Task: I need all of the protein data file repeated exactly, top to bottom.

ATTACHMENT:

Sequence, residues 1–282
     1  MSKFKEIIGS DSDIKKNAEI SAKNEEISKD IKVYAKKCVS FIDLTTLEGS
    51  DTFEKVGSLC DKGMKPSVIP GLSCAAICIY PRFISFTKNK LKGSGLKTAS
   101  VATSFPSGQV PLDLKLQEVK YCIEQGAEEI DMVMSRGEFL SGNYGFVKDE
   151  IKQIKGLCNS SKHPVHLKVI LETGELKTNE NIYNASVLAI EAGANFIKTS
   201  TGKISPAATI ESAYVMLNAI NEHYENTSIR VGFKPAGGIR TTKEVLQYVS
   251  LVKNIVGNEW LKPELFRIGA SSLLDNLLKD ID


Sequence, residues 1–282
     1  MSKFKEIIGS DSDIKKNAEI SAKNEEISKD IKVYAKKCVS FIDLTTLEGS
    51  DTFEKVGSLC DKGMKPSVIP GLSCAAICIY PRFISFTKNK LKGSGLKTAS
   101  VATSFPSGQV PLDLKLQEVK YCIEQGAEEI DMVMSRGEFL SGNYGFVKDE
   151  IKQIKGLCNS SKHPVHLKVI LETGELKTNE NIYNASVLAI EAGANFIKTS
   201  TGKISPAATI ESAYVMLNAI NEHYENTSIR VGFKPAGGIR TTKEVLQYVS
   251  LVKNIVGNEW LKPELFRIGA SSLLDNLLKD ID